T2D is a growing health problem with 347 million people affected worldwide. It is a complex disorder affected by multiple environmental and genetic components. My laboratory uses a genetic rat model, outbred heterogeneous stock (HS) rats, to identify relatively small chromosomal regions that play a role in diabetes related phenotypes.
HS rats are outbred from eight inbred rat strains such that the chromosomal make-up of the progeny is a mosaic of the founding inbred strains. This enables the mapping of chromosomal loci to only 2-4 Megabases, significantly decreasing the number of possible candidate genes within each region. We have used HS rats to identify a region on rat chromosome 1 that plays a role in glucose and insulin levels. Using expression and sequence data we have identified Tpcn2 as the likely causal gene within this region and shown that Tpcn2 likely plays a role in regulating insulin levels in humans. We are currently using HS rats to identify additional loci that play a role in metabolic phenotypes across the entire rat genome, coupled with RNAseq studies in liver and adipose tissue to further help us identify genes and networks that play a role in diabetes and obesity traits.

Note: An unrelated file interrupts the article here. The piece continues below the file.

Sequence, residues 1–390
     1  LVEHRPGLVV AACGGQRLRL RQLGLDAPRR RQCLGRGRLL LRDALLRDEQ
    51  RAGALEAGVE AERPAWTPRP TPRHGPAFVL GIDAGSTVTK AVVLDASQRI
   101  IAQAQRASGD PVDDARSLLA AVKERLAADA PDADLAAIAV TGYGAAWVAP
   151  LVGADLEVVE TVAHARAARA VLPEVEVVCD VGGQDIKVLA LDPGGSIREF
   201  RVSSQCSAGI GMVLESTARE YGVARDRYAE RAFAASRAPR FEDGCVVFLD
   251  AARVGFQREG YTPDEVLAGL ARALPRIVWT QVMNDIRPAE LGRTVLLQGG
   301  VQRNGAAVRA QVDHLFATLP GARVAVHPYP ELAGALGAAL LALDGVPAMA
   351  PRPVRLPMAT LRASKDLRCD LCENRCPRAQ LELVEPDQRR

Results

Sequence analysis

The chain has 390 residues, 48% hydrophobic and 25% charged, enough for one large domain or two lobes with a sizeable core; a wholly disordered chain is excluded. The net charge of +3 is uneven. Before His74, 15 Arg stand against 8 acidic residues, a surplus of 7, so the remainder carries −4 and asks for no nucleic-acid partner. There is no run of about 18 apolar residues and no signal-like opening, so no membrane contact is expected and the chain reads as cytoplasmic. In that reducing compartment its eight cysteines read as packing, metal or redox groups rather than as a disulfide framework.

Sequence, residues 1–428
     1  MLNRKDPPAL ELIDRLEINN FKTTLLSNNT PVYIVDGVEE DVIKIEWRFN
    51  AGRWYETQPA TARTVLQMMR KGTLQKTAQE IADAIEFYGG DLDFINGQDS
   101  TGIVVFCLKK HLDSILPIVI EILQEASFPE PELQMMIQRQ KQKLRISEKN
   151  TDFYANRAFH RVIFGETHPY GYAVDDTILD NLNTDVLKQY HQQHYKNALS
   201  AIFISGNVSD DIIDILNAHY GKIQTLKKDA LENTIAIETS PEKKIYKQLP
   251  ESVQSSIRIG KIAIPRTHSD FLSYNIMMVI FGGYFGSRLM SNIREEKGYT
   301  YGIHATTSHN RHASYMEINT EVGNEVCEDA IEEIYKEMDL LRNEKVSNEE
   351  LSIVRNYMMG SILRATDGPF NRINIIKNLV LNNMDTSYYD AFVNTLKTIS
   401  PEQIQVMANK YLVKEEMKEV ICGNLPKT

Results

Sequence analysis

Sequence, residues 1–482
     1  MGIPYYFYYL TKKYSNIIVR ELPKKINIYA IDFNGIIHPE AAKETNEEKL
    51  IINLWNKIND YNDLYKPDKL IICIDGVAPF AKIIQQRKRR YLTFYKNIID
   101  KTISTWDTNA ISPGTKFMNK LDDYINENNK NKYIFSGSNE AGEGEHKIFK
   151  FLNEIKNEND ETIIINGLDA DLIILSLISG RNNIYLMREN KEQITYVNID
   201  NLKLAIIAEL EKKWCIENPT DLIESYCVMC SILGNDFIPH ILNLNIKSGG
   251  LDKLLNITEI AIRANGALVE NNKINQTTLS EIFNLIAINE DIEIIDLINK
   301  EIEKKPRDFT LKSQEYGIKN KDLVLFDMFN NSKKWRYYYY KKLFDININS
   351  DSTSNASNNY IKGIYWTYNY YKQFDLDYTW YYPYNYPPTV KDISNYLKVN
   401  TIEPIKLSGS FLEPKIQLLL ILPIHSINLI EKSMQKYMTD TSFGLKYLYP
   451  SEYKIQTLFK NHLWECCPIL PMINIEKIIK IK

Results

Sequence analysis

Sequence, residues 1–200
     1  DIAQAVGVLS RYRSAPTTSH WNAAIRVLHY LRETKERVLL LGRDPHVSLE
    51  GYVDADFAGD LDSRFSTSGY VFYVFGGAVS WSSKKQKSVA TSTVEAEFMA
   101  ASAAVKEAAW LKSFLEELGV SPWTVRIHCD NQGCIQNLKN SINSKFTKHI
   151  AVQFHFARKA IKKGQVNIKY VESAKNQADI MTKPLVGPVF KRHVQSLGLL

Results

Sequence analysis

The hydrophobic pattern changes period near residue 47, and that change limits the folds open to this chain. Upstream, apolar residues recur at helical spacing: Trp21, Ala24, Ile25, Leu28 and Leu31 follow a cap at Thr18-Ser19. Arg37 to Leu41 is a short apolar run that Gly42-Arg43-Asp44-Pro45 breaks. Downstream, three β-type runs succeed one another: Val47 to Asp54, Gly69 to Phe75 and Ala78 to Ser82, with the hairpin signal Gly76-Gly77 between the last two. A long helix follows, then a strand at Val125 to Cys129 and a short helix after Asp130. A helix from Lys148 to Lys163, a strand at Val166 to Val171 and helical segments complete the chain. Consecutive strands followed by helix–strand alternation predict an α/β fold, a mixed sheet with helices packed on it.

This work has allowed us to identify relatively small genomic regions for body weight and visceral adiposity and we have identified the likely causal genes and even variants that underlie these loci. Once genes are identified, we will test these genes in human cohorts as well as use rat models to understand the mechanism of disease. We are also starting studies to look at the interplay between obesity and mental health, as well as assess the role of diet on both metabolic and mental health. Finally, we have formed several collaborations with other investigators to use HS rats to study other complex traits including kidney disease and behaviors involved in drug addiction.
- Genetic of diabetes and obesity using rodent models
- Genetics of mental health
- QTL mapping
- Outbred rodents